Great for fans of Alice Hoffman, Diane Setterfield, and Deborah Harkness.

Thank you to Redhook Books and NetGalley for providing an advance copy of this book in exchange for my honest review. The book will be published on October 13th, 2020.

Set My Heart to Five by Simon Stephenson (Literary / Speculative Fiction)

Writing: 4.5/5 Plot: 4/5 Characters: 5/5

Jared is a bot. Engineered from human DNA, he lives a productive life as a dentist in Ypsilanti, Michigan and is deeply programmed to serve humans. Until one day … he starts to have feelings. Thus begin his simultaneously hilarious and yet poignant adventures as he heads to Hollywood to write a screenplay daring to portray bots as beings deserving humane treatment and not the “killer bots” that comprise the bulk of modern cinema.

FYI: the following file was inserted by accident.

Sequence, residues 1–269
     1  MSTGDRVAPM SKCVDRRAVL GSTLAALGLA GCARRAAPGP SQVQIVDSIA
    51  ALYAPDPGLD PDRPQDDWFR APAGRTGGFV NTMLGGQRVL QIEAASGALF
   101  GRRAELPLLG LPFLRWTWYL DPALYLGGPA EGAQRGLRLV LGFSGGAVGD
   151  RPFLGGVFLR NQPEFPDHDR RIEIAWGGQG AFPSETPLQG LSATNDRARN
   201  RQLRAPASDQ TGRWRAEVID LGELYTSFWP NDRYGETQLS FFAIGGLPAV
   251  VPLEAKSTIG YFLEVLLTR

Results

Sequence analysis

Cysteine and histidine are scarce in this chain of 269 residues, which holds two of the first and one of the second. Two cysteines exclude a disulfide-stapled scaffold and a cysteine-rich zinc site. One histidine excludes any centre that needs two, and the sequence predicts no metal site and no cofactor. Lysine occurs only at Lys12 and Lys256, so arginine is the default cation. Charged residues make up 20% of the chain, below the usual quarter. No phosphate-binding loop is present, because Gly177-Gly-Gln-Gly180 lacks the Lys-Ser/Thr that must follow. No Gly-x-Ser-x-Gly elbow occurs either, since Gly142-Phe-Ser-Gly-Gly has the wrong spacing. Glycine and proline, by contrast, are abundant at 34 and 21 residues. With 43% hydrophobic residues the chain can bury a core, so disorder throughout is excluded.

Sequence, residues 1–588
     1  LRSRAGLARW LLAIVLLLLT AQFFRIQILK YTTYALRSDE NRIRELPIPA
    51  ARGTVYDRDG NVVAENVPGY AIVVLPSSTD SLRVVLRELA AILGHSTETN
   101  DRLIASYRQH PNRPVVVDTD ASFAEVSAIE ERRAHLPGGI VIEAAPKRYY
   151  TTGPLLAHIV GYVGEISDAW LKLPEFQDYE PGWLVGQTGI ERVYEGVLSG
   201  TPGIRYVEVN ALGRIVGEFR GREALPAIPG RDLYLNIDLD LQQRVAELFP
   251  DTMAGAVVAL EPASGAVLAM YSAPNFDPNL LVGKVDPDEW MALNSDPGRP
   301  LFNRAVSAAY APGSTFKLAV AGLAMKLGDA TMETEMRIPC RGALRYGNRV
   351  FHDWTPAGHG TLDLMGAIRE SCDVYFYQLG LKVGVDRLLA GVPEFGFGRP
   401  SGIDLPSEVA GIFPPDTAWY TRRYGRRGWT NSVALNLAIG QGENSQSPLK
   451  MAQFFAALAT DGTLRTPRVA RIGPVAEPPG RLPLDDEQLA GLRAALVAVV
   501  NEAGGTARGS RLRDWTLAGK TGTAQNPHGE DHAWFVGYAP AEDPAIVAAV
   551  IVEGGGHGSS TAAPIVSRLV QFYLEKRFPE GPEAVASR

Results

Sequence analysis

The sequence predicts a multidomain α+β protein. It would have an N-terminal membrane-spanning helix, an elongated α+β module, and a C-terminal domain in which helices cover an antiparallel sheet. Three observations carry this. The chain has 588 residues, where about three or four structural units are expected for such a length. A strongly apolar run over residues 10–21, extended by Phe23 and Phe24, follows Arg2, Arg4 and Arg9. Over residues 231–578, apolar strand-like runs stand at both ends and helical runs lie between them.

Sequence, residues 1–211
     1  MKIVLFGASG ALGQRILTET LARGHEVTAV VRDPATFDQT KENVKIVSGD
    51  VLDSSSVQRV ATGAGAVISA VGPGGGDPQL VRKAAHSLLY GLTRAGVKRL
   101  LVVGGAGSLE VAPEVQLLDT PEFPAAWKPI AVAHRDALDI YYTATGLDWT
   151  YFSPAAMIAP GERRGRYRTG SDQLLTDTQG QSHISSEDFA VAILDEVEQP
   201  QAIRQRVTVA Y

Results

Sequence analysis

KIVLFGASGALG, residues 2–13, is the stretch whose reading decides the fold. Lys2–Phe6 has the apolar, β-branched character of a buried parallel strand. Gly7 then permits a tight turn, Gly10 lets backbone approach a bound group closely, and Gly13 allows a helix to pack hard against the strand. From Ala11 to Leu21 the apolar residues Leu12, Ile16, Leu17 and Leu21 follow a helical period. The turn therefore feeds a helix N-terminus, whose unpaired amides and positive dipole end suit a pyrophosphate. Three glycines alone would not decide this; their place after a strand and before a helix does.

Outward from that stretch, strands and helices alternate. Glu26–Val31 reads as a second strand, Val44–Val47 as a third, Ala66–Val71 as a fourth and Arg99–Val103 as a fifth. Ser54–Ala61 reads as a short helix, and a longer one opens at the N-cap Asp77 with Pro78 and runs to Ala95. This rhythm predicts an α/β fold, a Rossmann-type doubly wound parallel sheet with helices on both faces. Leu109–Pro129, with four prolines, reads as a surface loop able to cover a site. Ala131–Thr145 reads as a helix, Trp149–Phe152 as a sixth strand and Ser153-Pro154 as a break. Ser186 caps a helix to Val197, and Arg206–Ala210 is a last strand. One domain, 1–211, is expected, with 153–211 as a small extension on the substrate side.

The social commentary is priceless as Jared struggles to make rational sense of human behavior. Jared’s “voice” as a developing character is so appealing — his way of expressing surprise, disbelief, and acceptance is incomparable. He refers to himself as a “toaster with a heart.” Bots are the new underclass in this world because after all — they aren’t even human. While the journey is comic (laugh out loud funny much of the time), there are plenty of deep things to think about: What makes us human? What should our relationship with other beings be? What kind of “programming” do we humans have of which we are not explicitly aware?

In some ways this reminded me of Vonnegut — the speculative and humorous extrapolation of today’s social mores — but with a little more depth in terms of human (or bot) experience and how we treat others. As fun additions, there are some great descriptions of classic movies (without titles) that are fun to see through Jared’s eyes (and try to make the identification), some fun screen-writing tips, and all the details of a futuristic road trip adventure.

I won’t give away the ending but I loved the way the author embedded an intricately layered set of foreshadowing and self-referential plot twists.